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Vatican Set To Rule On Legionaries Of Christ

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Vatican Set To Rule On Legionaries Of Christ

Religion

Vatican Set To Rule On Legionaries Of Christ

Vatican Set To Rule On Legionaries Of Christ

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The powerful Legionaries of Christ has admitted sexual abuse by its founder Father Marcial Maciel. The Vatican ordered an investigation into the group last year, and results are expected to be released soon.

RENEE MONTAGNE, host:

We turn now to one former priest who's tried for years to get answers about the founder of a powerful Catholic order in Mexico. Last week, we had a conversation about that order, the Legionaries of Christ, which has admitted its founder abused young seminarians.

NPR's Jason Beaubien has more, from Mexico City.

JASON BEAUBIEN: Mexico is a deeply Catholic country, with more than 75 percent of the population identifying themselves as members of the faith. Ever since colonial times, the Catholic Church has played a central role in Mexican society.

Father Jose de Jesus Aguilar Valdes, with the Mexican Archdiocese, says the church made mistakes in handling sexual abuse by priests in the past. But he says there hasn't been the level of abuse here that's been alleged in Europe or the United States.

Father JOSE DE JESUS AGUILAR VALDES (Mexican Archdiocese): (Spanish spoken)

BEAUBIEN: At least in Mexico, he says, right now, there are only a few cases, which he acknowledges caused deep pain to the victims. One case involves a Mexican priest who abused young boys in the United States and thus, Father Jose de Jesus says it's not under the Mexican Archdiocese jurisdiction.

In another high-profile case, the father points out, the accuser retracted his allegation. Advocates for abuse victims, however, say the problem in Mexico is far, far worse than this. The most prominent pedophilia case is that of Father Marcial Maciel, the founder of the Legionaries of Christ.

In 2006, the Vatican ordered Maciel to give up his public ministry rather than face a church inquiry into the charges. Maciel died two years later, in 2008.

Alberto Athie spent 20 years as a priest in Mexico, but he quit the clergy over the Maciel scandal. Athie says when he first heard allegations that Maciel sexually abused young boys, he found it hard to believe.

Mr. ALBERTO ATHIE (Former Catholic Priest): (Spanish spoken)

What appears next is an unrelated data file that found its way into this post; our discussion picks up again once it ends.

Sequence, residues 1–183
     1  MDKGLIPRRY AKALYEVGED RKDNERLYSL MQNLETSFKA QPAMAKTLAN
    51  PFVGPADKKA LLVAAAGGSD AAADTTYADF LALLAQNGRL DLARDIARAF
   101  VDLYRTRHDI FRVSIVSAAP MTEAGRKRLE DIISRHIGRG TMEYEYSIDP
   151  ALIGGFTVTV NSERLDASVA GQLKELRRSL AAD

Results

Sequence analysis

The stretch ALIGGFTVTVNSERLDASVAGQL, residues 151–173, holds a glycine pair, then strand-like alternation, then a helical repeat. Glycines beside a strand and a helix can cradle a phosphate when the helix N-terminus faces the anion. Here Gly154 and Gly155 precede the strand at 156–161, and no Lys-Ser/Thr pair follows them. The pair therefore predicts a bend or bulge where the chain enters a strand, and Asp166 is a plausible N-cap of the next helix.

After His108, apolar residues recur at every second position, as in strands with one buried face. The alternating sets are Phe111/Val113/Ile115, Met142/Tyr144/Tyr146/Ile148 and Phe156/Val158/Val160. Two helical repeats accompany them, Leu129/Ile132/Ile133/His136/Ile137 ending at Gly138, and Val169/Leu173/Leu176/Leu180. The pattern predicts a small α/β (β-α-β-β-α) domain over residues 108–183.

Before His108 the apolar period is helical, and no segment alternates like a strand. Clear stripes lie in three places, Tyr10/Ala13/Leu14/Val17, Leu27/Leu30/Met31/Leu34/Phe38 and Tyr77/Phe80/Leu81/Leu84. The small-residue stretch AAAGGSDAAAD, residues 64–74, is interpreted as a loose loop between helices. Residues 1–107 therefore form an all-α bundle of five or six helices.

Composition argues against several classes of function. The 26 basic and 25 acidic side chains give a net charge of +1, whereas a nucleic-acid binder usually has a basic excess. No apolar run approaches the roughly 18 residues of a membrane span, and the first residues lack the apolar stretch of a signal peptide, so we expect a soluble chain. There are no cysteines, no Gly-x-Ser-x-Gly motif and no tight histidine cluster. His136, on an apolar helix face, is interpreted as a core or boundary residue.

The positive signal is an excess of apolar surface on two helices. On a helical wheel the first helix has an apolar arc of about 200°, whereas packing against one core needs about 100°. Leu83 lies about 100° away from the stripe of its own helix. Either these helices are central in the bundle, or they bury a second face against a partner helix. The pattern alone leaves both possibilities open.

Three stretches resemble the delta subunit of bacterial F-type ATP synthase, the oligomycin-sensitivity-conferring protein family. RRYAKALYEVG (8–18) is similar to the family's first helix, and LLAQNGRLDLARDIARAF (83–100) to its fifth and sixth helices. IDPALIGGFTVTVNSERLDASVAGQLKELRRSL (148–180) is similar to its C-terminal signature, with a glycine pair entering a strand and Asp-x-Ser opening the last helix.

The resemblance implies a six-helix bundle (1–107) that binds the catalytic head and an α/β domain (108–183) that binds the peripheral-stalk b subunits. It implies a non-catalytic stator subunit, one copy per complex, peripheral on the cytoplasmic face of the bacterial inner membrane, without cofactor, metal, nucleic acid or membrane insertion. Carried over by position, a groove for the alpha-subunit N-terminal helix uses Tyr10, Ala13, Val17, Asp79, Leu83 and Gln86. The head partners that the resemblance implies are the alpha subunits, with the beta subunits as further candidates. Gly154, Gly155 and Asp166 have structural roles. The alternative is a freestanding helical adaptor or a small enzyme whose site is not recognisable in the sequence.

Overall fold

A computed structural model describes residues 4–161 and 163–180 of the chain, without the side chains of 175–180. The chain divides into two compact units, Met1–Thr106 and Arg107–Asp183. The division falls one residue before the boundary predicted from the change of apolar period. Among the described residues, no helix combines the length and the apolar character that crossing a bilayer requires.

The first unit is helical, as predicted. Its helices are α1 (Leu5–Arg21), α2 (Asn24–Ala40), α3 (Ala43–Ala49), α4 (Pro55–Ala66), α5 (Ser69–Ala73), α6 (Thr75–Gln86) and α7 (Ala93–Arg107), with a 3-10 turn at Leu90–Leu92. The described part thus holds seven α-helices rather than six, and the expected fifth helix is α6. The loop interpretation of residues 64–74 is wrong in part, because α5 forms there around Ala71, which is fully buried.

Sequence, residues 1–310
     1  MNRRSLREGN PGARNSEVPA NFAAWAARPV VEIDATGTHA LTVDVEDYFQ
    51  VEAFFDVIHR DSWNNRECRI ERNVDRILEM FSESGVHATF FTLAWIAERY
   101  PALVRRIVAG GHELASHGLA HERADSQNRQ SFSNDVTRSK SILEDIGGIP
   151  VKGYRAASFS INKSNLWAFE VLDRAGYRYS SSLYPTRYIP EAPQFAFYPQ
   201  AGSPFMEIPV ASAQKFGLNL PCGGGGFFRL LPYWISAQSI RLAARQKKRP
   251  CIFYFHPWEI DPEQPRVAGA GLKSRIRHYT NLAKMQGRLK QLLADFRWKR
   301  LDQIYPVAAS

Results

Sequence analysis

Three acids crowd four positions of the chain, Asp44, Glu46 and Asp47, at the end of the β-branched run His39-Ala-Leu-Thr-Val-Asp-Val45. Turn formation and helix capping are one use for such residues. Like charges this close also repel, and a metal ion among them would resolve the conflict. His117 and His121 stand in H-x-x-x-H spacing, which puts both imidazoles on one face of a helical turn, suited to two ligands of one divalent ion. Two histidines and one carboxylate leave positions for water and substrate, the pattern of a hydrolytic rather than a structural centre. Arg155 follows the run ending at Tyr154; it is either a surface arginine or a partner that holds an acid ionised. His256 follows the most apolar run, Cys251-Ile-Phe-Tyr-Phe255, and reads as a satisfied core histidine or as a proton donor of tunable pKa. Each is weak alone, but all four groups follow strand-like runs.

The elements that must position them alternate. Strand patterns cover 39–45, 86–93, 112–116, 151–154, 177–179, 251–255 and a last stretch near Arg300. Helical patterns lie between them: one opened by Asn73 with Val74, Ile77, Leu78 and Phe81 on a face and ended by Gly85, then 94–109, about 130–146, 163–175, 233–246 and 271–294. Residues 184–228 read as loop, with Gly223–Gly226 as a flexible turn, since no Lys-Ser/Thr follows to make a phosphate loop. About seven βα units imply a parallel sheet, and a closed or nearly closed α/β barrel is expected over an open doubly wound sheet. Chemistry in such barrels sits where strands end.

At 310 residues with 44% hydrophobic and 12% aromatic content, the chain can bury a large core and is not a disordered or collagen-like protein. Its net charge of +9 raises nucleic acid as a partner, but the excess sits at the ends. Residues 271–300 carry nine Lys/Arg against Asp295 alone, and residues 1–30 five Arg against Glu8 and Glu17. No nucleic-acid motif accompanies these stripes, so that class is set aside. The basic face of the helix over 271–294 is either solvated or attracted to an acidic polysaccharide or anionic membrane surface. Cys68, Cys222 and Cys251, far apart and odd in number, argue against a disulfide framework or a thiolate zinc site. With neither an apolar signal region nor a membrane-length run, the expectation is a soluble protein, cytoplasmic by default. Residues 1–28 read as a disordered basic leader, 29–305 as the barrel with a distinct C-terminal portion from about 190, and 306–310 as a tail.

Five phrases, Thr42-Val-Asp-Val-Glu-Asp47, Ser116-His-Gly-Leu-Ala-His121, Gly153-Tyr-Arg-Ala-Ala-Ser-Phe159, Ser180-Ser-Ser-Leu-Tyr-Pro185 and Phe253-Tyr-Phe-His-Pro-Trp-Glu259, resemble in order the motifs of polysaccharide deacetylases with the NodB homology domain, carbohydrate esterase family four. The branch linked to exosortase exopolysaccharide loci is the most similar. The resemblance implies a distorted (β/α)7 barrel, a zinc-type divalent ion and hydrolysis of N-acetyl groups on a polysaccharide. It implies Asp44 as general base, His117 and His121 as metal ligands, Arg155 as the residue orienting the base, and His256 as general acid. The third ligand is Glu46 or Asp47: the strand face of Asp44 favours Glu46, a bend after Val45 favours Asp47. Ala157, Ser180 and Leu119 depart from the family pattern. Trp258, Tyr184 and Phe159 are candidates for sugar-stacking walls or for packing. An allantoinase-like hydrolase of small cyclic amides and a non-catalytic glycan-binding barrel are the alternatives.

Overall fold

BEAUBIEN: Because at the time, Father Maciel was this very important priest in Mexico, Athie says. He was very close to the pope.

Maciel had rapidly built the Legionaries of Christ into an influential order, with seminaries around the globe. In 1994, Athie was called to minister to a dying, ex-Legionarie named Juan Manuel Fernandez. Fernandez had joined the Legion as a young man and served as president of one of the order's most prestigious universities in Mexico City. Fernandez told Athie that he had a secret that he didn't want to take with him to the grave.

Mr. ATHIE: (Spanish spoken)

BEAUBIEN: Father Maciel completely destroyed my life, Athie recalls Fernandez saying. He said Father Maciel had sexually abused him and numerous other seminarians when they were teenagers. At Fernandez's funeral, Athie told the congregation that Fernandez had forgiving Father Maciel, but still demanded justice.

Athie says that after the service, eight other men came to tell him that they'd also been abused by Maciel. Athie found himself on a mission. He got notarized statements from the men. He eventually convinced an archbishop to personally deliver a letter detailing the allegations to then-Cardinal Joseph Ratzinger. This was seven years before Ratzinger would become Pope Benedict the XVI.

Athie's envoy returned, saying Ratzinger had read the letter but rejected it.

Mr. ATHIE: (Spanish spoken)

BEAUBIEN: The case of Father Maciel can't be opened because Father Maciel is a person very close to the Holy Father, Athie was told. He has done a lot of good work for the church. I'm sorry.

Athie says the case shows how the current pope was part of the institutional cover-up of sexual abuse by priests that went on inside the Catholic Church for decades.

Jason Beaubien, NPR News, Mexico City.

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